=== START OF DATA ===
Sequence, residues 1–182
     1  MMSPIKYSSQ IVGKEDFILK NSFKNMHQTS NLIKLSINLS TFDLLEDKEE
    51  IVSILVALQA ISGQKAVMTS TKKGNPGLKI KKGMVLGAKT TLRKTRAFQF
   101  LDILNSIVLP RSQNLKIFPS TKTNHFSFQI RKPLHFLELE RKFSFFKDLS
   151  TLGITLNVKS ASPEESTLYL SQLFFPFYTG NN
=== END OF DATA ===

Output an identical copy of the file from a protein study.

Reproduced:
Sequence, residues 1–182
     1  MMSPIKYSSQ IVGKEDFILK NSFKNMHQTS NLIKLSINLS TFDLLEDKEE
    51  IVSILVALQA ISGQKAVMTS TKKGNPGLKI KKGMVLGAKT TLRKTRAFQF
   101  LDILNSIVLP RSQNLKIFPS TKTNHFSFQI RKPLHFLELE RKFSFFKDLS
   151  TLGITLNVKS ASPEESTLYL SQLFFPFYTG NN